#they need to be stacked together and cropped to the extent of Pakistan. wprec <- list.files("C:/Users/super/Documents/sdm/Domain/Process/Data/envdata/wc2.1_2.5m_prec",pattern = ".tif", full.names = TRUE) # This creates a vector with all tif-files in this location wprecstack <- raster::stack(wprec) wsrad <- list.files("C:/Users/super/Documents/sdm/Domain/Process/Data/envdata/wc2.1_2.5m_srad",pattern = ".tif", full.names = TRUE) wsradstack <- raster::stack(wsrad) wtavg <- list.files("C:/Users/super/Documents/sdm/Domain/Process/Data/envdata/wc2.1_2.5m_tavg",pattern = ".tif", full.names = TRUE) wtavgstack <- raster::stack(wtavg) wtmax <- list.files("C:/Users/super/Documents/sdm/Domain/Process/Data/envdata/wc2.1_2.5m_tmax",pattern = ".tif", full.names = TRUE) wtmaxstack <- raster::stack(wtmax) wtmin <- list.files("C:/Users/super/Documents/sdm/Domain/Process/Data/envdata/wc2.1_2.5m_tmin",pattern = ".tif", full.names = TRUE) wtminstack <- raster::stack(wtavg) wvapr <- list.files("C:/Users/super/Documents/sdm/Domain/Process/Data/envdata/wc2.1_2.5m_vapr",pattern = ".tif", full.names = TRUE) wvaprstack <- raster::stack(wvapr) # In a step in between the data got cropped and clipped to the extent of pak cropped_prec <- crop(wprecstack, extent(pak)) clipped_prec <- mask(cropped_prec, pak) clipped_prec_sum <- sum(clipped_prec) cropped_rads <- crop(wsradstack, extent(pak)) clipped_rads <- mask(cropped_rads, pak) clipped_rads_mean <- mean(clipped_rads) cropped_tavg <- crop(wtavgstack, extent(pak)) clipped_tavg <- mask(cropped_tavg, pak) clipped_tavg_mean <- mean(clipped_tavg) cropped_tmax <- crop(wtmaxstack, extent(pak)) clipped_tmax <- mask(cropped_tmax, pak) clipped_tmax_mean <- mean(clipped_tmax) cropped_tmin <- crop(wtminstack, extent(pak)) clipped_tmin <- mask(cropped_tmin, pak) clipped_tmin_mean <- mean(clipped_tmin) cropped_vapr <- crop(wvaprstack, extent(pak)) clipped_vapr <- mask(cropped_vapr, pak) clipped_vapr_mean <- mean(clipped_vapr) wvaprstack <- raster::stack(wvapr) cropped_vapr <- crop(wvaprstack, extent(pak)) clipped_vapr <- mask(cropped_vapr, pak) clipped_vapr_mean <- mean(clipped_vapr)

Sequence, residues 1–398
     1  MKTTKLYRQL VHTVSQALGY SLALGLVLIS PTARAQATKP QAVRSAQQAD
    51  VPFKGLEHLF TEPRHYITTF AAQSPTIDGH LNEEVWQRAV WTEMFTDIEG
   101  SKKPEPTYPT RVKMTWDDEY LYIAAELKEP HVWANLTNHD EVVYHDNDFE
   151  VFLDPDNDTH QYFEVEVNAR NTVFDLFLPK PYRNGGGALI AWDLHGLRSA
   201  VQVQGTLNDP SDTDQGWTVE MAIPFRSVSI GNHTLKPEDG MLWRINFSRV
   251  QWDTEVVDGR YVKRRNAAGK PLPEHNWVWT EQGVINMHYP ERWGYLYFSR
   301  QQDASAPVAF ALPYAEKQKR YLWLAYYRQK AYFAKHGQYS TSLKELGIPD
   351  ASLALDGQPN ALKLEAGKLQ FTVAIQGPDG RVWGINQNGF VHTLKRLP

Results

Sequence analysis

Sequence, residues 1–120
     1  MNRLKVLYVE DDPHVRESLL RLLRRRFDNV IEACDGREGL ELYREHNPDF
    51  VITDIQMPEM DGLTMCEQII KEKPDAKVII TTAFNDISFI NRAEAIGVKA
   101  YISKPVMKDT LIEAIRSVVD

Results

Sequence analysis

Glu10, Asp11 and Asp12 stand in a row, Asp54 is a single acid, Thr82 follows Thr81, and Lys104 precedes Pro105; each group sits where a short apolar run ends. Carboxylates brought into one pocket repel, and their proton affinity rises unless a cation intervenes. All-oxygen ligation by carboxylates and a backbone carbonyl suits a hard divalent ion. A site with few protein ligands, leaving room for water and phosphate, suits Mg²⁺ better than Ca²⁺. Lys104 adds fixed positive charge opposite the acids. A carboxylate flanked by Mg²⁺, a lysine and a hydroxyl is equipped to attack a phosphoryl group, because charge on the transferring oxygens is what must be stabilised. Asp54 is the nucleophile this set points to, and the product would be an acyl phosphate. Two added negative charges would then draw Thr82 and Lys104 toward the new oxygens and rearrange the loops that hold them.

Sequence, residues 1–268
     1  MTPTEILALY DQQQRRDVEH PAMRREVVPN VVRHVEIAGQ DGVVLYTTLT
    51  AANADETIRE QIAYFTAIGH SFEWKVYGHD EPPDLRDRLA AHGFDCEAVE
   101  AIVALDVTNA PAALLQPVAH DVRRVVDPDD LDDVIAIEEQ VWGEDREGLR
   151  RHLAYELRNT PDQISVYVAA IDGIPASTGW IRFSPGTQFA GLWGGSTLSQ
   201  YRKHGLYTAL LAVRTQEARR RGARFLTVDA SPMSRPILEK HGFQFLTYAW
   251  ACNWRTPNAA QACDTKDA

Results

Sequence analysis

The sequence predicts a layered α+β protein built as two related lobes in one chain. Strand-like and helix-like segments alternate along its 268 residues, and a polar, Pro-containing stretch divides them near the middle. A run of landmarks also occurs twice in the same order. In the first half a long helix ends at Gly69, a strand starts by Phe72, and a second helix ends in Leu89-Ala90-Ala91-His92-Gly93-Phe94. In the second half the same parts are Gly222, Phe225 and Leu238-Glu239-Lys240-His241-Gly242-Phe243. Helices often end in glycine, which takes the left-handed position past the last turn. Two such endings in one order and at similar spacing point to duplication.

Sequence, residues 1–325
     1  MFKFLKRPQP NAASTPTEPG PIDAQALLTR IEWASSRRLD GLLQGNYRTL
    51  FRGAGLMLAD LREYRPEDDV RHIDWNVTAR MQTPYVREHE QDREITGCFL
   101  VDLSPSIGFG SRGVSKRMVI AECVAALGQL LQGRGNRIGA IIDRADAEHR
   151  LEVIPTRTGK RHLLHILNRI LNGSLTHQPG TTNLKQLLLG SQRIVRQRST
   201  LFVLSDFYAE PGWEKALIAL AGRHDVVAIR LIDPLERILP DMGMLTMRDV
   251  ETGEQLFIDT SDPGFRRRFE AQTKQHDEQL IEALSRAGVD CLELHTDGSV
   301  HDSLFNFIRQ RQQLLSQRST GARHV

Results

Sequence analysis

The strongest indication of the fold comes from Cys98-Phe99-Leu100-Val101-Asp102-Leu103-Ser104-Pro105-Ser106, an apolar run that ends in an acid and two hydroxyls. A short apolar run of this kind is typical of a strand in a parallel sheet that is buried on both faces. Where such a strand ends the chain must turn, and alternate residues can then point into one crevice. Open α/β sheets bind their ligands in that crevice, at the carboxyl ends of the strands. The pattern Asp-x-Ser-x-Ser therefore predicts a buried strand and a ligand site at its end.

A write out of our now stacked raster data looks like this.
pakclim <- stack(clipped_prec_sum,clipped_rads_mean,clipped_tavg_mean,clipped_tmax_mean,clipped_tmin_mean,clipped_vapr_mean) plot(pakclim,main=c("precipitation","solar radiation","average temperature","maximum temperature","minimum temperature","water vapor pressure"))
Now the butterfly data are read in and converted into spacial points.
butterflies <- read.csv("C:/Users/super/Documents/sdm/Domain/Process/Data/PakistanLadakh.csv", header=TRUE, sep=',') butterflies[,1] <- as.factor(butterflies[,1]) list_butterflies <- levels(butterflies[,1]) coordinates(butterflies) <- c("x","y") points <- crop(butterflies, pak) plot(pakclim$layer.1, xlab = "Latitude", ylab = "Longitude", main= "Precipitation Sum", 1) plot(pak, add=TRUE) points(butterflies, pch=19, cex=0.1, col='black')